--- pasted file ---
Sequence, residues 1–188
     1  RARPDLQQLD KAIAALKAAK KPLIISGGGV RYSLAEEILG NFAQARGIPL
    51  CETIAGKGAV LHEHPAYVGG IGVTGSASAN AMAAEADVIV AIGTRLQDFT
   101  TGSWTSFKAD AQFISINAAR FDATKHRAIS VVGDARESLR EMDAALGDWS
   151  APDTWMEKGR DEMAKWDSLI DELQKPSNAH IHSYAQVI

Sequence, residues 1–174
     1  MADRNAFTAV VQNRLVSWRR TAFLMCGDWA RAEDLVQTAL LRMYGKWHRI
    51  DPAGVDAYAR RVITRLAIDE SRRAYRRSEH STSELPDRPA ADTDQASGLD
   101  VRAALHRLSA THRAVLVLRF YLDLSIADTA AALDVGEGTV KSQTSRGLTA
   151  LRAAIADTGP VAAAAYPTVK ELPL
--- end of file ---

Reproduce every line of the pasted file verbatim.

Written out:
Sequence, residues 1–188
     1  RARPDLQQLD KAIAALKAAK KPLIISGGGV RYSLAEEILG NFAQARGIPL
    51  CETIAGKGAV LHEHPAYVGG IGVTGSASAN AMAAEADVIV AIGTRLQDFT
   101  TGSWTSFKAD AQFISINAAR FDATKHRAIS VVGDARESLR EMDAALGDWS
   151  APDTWMEKGR DEMAKWDSLI DELQKPSNAH IHSYAQVI

Sequence, residues 1–174
     1  MADRNAFTAV VQNRLVSWRR TAFLMCGDWA RAEDLVQTAL LRMYGKWHRI
    51  DPAGVDAYAR RVITRLAIDE SRRAYRRSEH STSELPDRPA ADTDQASGLD
   101  VRAALHRLSA THRAVLVLRF YLDLSIADTA AALDVGEGTV KSQTSRGLTA
   151  LRAAIADTGP VAAAAYPTVK ELPL